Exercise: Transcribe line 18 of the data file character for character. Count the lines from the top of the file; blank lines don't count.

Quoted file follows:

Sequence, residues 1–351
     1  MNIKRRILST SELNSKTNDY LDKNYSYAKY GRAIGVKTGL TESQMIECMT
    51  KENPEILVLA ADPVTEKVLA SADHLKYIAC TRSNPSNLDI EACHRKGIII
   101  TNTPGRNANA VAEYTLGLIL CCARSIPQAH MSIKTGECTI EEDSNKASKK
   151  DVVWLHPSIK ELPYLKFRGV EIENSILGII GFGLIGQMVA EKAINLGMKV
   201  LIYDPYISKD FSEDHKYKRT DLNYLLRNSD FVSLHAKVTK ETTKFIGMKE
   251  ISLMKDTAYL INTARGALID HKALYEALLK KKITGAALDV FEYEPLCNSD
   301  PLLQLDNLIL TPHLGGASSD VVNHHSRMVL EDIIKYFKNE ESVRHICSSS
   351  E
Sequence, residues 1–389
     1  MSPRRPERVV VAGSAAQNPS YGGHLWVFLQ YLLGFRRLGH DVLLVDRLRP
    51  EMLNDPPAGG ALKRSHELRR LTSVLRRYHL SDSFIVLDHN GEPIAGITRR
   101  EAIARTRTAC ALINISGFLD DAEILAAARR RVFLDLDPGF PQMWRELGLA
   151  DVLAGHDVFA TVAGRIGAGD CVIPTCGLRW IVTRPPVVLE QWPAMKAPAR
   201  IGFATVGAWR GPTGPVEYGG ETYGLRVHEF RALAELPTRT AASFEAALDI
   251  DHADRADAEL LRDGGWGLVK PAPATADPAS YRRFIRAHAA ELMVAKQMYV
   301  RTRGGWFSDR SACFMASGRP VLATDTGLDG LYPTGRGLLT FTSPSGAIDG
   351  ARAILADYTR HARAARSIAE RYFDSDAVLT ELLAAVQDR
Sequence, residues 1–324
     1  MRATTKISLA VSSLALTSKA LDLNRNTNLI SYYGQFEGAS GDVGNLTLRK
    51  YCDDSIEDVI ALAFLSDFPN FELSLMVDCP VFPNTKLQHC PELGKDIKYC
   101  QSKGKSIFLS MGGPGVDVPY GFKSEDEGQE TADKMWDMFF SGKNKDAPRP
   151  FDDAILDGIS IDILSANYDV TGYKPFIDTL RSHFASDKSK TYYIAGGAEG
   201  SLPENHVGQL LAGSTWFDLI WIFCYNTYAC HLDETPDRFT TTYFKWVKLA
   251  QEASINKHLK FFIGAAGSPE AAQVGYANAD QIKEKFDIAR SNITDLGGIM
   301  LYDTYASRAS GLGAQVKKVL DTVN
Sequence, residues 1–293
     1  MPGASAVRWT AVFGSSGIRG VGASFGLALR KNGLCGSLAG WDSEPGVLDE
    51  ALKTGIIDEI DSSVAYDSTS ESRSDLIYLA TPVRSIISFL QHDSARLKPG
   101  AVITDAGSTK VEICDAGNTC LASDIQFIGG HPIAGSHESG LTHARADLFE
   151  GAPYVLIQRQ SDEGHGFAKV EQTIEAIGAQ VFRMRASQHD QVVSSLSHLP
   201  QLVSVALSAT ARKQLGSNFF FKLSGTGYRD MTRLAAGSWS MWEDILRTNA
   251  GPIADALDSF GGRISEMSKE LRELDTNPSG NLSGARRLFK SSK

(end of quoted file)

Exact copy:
   351  ARAILADYTR HARAARSIAE RYFDSDAVLT ELLAAVQDR